Maryland’s youth are forgoing COVID-19 and routine vaccinations, raising severe concerns among public health experts.
The Baltimore Sun reports vaccination rates among Maryland youth are falling behind for influenza (flu), human papillomavirus (HPV), and measles, mumps, and rubella (MMR) vaccines. The latter is of particular concern to Dr. William Moss, the Johns Hopkins International Vaccine Access Center’s Executive Director. In a quote provided to the Sun, Dr. Moss explained his concerns:
“I’m most worried about measles; we know it’s very contagious… I’ve been tracking it through the pandemic globally, and I do think communities in the United States, including in Maryland, are going to be at increased risk,” he said. “Measles does not respect borders or stay in one place, and it moves quickly.”
In addition to the diseases listed above, Maryland law requires students to receive immunizations for chickenpox, polio, diphtheria, tetanus, whooping cough, hepatitis B, and meningitis.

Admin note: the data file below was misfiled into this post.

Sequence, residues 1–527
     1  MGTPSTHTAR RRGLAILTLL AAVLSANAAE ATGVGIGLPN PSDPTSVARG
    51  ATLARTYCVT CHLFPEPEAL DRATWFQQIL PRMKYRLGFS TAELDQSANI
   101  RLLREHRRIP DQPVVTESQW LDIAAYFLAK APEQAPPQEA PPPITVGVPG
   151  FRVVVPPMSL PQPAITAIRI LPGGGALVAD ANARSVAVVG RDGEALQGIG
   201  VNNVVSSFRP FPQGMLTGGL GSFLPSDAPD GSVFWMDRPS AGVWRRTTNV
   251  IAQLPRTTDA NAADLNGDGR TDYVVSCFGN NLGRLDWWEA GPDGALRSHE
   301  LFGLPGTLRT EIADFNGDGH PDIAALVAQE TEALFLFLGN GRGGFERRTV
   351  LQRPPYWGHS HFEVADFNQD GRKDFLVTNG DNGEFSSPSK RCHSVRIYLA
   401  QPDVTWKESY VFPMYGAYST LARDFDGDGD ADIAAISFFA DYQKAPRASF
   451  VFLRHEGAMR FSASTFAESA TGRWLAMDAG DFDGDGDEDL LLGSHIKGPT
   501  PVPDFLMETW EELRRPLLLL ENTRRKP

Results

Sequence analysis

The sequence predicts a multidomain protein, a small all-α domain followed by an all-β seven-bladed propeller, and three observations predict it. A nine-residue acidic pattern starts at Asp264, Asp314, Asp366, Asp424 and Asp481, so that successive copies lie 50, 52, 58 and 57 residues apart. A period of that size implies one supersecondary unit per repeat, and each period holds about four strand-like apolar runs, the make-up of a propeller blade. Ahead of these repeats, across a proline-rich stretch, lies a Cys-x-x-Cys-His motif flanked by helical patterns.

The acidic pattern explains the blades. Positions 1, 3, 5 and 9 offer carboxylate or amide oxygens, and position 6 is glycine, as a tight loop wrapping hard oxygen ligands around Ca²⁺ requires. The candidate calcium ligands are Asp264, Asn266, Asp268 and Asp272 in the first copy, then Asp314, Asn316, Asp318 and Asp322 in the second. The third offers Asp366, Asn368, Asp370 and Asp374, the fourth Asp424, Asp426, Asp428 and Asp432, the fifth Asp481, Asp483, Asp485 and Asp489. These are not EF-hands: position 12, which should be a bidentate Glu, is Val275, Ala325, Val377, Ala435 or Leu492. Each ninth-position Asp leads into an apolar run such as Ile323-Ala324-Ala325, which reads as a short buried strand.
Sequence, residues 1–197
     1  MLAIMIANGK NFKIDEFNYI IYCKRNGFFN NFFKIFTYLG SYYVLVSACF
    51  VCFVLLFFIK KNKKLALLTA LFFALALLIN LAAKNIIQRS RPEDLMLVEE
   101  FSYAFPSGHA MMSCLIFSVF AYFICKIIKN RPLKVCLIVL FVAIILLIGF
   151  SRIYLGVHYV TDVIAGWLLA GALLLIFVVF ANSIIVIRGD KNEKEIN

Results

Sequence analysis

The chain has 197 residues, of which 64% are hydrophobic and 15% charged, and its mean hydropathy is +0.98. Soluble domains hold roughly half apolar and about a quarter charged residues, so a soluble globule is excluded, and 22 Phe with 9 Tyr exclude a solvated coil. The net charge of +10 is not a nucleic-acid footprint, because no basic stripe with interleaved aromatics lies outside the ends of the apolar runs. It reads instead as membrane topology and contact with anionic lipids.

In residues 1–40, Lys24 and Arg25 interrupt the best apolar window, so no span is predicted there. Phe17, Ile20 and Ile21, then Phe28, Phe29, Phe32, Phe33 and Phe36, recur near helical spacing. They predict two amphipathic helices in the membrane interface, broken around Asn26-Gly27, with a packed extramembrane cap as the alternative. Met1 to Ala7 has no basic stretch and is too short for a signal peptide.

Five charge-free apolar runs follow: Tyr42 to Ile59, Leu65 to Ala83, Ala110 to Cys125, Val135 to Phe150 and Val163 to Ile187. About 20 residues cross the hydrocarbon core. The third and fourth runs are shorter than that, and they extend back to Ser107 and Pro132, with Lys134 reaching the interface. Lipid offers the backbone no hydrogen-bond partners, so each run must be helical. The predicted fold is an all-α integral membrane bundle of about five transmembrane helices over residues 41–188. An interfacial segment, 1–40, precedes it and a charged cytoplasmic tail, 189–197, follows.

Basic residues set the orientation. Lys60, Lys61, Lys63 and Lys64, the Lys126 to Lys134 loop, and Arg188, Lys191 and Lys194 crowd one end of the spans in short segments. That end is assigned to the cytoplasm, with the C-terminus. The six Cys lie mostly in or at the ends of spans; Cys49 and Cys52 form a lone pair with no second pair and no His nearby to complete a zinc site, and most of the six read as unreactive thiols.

At an earlier stage in the pandemic, ImmuNet, Maryland’s immunization information system, showed that the overall number of vaccine doses administered to children ages 0-18 in April 2020 compared with April 2019 was down by 56 percent. As a result, in May of 2020, the Maryland Department of Health (MDH) issued a public service announcement to improve pediatric vaccination rates.
Concerning COVID-19, MDH reports over 750,000 Maryland youth 19 years old or younger have received at least one dose of the vaccine. Regardless, according to the Sun, children have the lowest rates of COVID-19 vaccinations, with “58% of those aged 5 to 17 fully inoculated.”